The guide, which has recently been reprinted, was developed to provide guidance to the livestock industry on whether an animal is in a condition fit to be loaded to undertake a journey by road, rail or ship to a particular destination. The national standards were developed by industry, welfare organisations and government and are regulated by state and territory governments.
The guide is designed to help producers, livestock agents, buyers and transporters meet their legal obligations under the Australian Animal Welfare Standards for the Land Transport of Livestock and help to ensure high animal welfare standards are maintained throughout the livestock industries. Topics in the guide include preparation of livestock for transport, feed and water, examples of animals that are unfit to load and what to do if an animal is unfit to load.
It is the responsibility of the person in charge to ensure that animals are prepared correctly, will cope well with the entire journey and are not suffering any illness or injuries. An animal is not fit to load if it:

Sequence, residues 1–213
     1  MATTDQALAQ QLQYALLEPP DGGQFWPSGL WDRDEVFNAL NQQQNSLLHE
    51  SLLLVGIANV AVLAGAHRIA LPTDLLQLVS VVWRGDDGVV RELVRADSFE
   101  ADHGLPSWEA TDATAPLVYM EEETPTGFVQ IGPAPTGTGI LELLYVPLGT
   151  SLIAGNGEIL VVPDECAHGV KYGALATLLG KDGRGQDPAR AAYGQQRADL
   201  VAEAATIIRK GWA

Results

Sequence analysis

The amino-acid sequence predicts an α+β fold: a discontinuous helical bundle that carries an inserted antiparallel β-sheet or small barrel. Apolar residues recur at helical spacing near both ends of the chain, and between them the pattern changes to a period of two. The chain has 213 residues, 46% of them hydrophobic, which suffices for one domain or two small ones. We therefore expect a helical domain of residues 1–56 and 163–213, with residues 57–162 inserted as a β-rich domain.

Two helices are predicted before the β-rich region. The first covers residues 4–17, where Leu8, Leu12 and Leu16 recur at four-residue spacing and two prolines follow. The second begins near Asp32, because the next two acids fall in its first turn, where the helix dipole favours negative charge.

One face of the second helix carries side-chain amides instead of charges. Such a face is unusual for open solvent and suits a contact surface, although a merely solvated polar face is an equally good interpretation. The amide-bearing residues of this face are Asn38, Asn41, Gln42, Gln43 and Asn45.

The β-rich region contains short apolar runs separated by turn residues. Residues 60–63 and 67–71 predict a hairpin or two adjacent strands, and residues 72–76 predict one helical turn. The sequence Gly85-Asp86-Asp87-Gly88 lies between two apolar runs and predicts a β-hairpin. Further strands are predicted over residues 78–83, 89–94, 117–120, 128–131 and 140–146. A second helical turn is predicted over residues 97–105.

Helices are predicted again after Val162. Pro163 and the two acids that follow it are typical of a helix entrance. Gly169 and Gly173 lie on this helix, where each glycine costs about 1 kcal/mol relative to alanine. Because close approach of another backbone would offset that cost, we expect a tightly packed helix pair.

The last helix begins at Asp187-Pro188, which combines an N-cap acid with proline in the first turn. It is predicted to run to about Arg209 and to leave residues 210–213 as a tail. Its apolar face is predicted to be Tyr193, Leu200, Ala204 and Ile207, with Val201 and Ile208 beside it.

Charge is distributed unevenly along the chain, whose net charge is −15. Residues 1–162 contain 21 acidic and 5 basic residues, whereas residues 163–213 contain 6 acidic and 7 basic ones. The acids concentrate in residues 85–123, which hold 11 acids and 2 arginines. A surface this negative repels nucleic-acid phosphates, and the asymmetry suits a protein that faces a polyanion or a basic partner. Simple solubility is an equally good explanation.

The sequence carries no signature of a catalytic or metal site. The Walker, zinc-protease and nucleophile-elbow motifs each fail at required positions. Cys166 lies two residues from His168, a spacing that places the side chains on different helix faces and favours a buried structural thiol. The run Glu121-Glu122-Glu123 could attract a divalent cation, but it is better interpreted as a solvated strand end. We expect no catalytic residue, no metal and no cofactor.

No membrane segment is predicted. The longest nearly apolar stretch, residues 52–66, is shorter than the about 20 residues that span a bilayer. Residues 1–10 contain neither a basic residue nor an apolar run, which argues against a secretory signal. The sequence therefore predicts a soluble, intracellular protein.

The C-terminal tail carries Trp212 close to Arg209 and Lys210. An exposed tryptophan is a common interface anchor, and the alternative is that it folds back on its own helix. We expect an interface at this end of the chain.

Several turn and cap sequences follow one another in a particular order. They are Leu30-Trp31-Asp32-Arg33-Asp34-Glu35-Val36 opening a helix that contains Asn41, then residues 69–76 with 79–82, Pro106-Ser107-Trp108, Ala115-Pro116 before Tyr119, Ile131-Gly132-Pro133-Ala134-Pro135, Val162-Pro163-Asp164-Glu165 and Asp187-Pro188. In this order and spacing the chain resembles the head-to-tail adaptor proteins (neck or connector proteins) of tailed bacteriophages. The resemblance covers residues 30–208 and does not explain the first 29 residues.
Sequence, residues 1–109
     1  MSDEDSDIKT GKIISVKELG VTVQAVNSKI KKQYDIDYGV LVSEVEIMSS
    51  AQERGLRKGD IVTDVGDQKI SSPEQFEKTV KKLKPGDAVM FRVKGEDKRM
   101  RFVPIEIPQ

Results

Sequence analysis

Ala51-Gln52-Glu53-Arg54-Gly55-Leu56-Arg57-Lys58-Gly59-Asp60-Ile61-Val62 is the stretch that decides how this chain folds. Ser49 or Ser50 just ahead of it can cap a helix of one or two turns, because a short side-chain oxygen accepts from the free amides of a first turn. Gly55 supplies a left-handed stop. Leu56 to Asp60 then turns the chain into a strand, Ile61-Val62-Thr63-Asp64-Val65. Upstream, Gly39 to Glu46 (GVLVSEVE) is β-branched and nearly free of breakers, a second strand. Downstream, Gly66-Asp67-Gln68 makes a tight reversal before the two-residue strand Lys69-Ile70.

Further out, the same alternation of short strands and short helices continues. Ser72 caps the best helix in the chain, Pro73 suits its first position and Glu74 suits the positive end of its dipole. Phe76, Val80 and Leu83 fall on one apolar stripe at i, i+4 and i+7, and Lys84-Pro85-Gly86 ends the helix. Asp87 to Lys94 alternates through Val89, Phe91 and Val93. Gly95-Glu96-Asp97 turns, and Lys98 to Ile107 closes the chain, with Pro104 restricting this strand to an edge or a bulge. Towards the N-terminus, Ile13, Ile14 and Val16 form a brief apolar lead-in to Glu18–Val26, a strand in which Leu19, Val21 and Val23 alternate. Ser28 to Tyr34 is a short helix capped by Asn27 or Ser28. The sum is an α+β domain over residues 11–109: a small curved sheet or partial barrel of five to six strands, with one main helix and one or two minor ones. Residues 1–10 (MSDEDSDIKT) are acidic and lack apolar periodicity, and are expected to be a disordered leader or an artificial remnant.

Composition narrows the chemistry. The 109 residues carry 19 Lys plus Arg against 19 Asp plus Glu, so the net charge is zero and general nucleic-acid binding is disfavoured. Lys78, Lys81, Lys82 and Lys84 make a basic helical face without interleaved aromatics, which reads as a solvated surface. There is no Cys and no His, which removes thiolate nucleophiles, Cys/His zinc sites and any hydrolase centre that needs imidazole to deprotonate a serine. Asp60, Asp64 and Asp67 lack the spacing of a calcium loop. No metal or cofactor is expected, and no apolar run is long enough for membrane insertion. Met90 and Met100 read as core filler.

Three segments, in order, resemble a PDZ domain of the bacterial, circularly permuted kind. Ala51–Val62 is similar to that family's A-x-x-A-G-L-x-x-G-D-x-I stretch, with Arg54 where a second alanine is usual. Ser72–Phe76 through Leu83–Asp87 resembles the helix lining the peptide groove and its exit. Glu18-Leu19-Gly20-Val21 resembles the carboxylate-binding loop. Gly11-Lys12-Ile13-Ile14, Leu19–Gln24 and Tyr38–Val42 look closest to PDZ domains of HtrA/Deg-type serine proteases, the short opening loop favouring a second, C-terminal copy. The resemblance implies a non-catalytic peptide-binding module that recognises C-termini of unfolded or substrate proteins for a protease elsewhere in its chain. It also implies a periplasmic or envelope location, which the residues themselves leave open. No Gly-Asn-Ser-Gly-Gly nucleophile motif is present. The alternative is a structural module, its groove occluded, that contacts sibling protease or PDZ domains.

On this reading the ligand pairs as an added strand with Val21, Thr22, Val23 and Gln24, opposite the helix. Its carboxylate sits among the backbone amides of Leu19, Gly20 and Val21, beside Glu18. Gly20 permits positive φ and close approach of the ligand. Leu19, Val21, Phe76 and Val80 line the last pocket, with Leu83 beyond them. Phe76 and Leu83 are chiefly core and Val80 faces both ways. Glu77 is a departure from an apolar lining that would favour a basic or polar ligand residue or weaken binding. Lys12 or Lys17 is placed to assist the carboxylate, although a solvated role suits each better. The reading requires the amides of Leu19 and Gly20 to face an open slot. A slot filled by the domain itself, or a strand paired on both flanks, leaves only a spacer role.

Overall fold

- Is not strong enough to take the journey
- Cannot walk normally bearing weight on all legs
- Is severely emaciated or visibly dehydrated
- Is suffering from severe stress or injury
- Is in a condition that could cause pain or distress during transport
- Is blind in both eyes
- Is in late pregnancy.
Transporting unfit animals not only reflects poorly on the person in charge of the animals but on the wool and sheepmeat industries. It is a reminder that there is a joint responsibility for animal welfare and it is imperative that all animal welfare obligations are being met. Sheep in transit are highly visible – it only takes a few moments for someone to upload what they see to the rest of the world - if all livestock are Fit to Load, the reputational risk to the Australian industry is reduced.
The Sheepmeat Council of Australia and WoolProducers Australia work with all industry stakeholders to improve animal health and welfare at all stages of the supply chain and support this work through research, development and extension.
A copy of the guide can be downloaded from the MLA website or from your State Farming Organisation.